Subventricular Zone Involvement Characterized by Diffusion Tensor Imaging in Glioblastoma.
van Dijken, Bart RJ
van Laar, Peter Jan
van der Hoorn, Anouk
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van Dijken, B. R., Yan, J., Boonzaier, N. R., Li, C., van Laar, P. J., van der Hoorn, A., & Price, S. (2017). Subventricular Zone Involvement Characterized by Diffusion Tensor Imaging in Glioblastoma.. World neurosurgery, 105 697-701. https://doi.org/10.1016/j.wneu.2017.06.075
Background Glioblastomas have a poor prognosis, possibly due to a subpopulation of therapy resistant stem cells within the heterogeneous glioblastoma. As the subventricular zone is the main source of neural stem cells, we aimed at characterising the subventricular zone using DTI to demonstrate subventricular zone involvement in glioblastoma. Methods We prospectively included 93 patients with primary glioblastomas who underwent preoperative DTI. The non-enhancing high FLAIR signal was used to describe the infiltrative tumour margin. We used a 5 mm margin surrounding the lateral ventricles to define the subventricular zone. The subventricular zone with high FLAIR was compared with the subventricular zone without high FLAIR, control high FLAIR outside the subventricular zone and control contralateral normal appearing white matter. Normalised DTI parameters were calculated and compared between the different regions. Results The subventricular zone with high FLAIR showed elevated isotropic p values compared to the subventricular zone without high FLAIR (t(126)=3.9, p<0.001) and control regions (t(179)=1.9, p=0.046). Anisotropic q and fractional anisotropy values were lower in regions with high FLAIR compared to the subventricular zone without high FLAIR (t(181)=11.6, p<0.001 and t(184)=12.4, p<0.001, respectively). Conclusion DTI data showed that the subventricular zone is involved in glioblastoma with elevated isotropic p values in the subventricular zone with high FLAIR, indicating tumour infiltration.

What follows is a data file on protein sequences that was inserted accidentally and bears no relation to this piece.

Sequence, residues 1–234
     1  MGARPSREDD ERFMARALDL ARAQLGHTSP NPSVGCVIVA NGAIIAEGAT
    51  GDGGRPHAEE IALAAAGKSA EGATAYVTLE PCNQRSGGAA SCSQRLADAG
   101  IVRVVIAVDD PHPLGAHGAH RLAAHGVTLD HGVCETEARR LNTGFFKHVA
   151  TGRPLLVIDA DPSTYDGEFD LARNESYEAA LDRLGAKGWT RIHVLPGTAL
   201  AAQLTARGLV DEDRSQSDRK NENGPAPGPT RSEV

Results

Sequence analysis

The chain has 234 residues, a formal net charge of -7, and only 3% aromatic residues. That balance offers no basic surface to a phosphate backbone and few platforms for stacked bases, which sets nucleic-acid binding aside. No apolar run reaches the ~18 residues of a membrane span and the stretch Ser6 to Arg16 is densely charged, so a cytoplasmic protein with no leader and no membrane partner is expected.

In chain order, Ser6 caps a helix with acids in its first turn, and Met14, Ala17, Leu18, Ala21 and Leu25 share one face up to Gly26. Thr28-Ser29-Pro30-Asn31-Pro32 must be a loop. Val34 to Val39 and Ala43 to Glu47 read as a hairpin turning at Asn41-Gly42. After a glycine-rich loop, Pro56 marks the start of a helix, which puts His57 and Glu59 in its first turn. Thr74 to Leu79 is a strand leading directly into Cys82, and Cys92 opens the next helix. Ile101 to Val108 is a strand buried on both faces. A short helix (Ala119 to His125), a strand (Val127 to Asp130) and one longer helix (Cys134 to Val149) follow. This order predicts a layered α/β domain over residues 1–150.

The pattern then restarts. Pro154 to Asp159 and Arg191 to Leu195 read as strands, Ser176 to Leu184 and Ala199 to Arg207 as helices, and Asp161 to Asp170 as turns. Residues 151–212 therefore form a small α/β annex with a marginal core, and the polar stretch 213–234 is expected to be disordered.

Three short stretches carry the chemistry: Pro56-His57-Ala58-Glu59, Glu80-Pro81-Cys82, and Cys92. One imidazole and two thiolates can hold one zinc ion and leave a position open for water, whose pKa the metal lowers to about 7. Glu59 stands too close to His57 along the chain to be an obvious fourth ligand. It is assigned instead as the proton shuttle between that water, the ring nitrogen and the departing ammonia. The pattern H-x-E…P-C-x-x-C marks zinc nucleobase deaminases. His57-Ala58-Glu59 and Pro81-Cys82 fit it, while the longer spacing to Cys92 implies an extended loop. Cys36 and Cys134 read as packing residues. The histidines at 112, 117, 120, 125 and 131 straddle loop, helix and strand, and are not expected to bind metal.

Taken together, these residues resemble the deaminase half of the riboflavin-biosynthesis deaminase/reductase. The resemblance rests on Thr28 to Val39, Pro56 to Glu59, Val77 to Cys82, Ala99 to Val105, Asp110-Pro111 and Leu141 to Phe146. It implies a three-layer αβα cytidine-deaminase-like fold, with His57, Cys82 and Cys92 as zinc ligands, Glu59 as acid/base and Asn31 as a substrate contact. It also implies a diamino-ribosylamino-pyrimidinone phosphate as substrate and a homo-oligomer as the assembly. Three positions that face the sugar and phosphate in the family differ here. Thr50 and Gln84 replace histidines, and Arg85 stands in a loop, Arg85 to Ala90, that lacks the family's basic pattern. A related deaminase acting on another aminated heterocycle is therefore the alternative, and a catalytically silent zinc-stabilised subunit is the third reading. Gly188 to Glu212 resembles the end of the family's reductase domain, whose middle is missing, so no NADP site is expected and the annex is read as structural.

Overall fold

Lateral Ventricles, Humans, Glioblastoma, Brain Neoplasms, Prospective Studies, Adult, Aged, Middle Aged, Female, Male, Young Adult, Diffusion Tensor Imaging
This study was funded by a National Institute of Health Clinician Scientist Fellowship (S.P.), the Groningen University Fund (B.D.), the Marco Polo fund (B.D.), and grants from the Chang Gung Medical Foundation and Chang Gung Memorial Hospital, Keelung, Taiwan (J.Y.). The authors declare to have no conflicts of interest. This article presents independent research funded by the United Kingdom National Institute for Health Research. The views expressed are those of the author(s) and are not necessarily those of the United Kingdom National Health Service, the United Kingdom National Institute for Health Research, or the United Kingdom Department of Health.
External DOI: https://doi.org/10.1016/j.wneu.2017.06.075
This record's URL: https://www.repository.cam.ac.uk/handle/1810/266939
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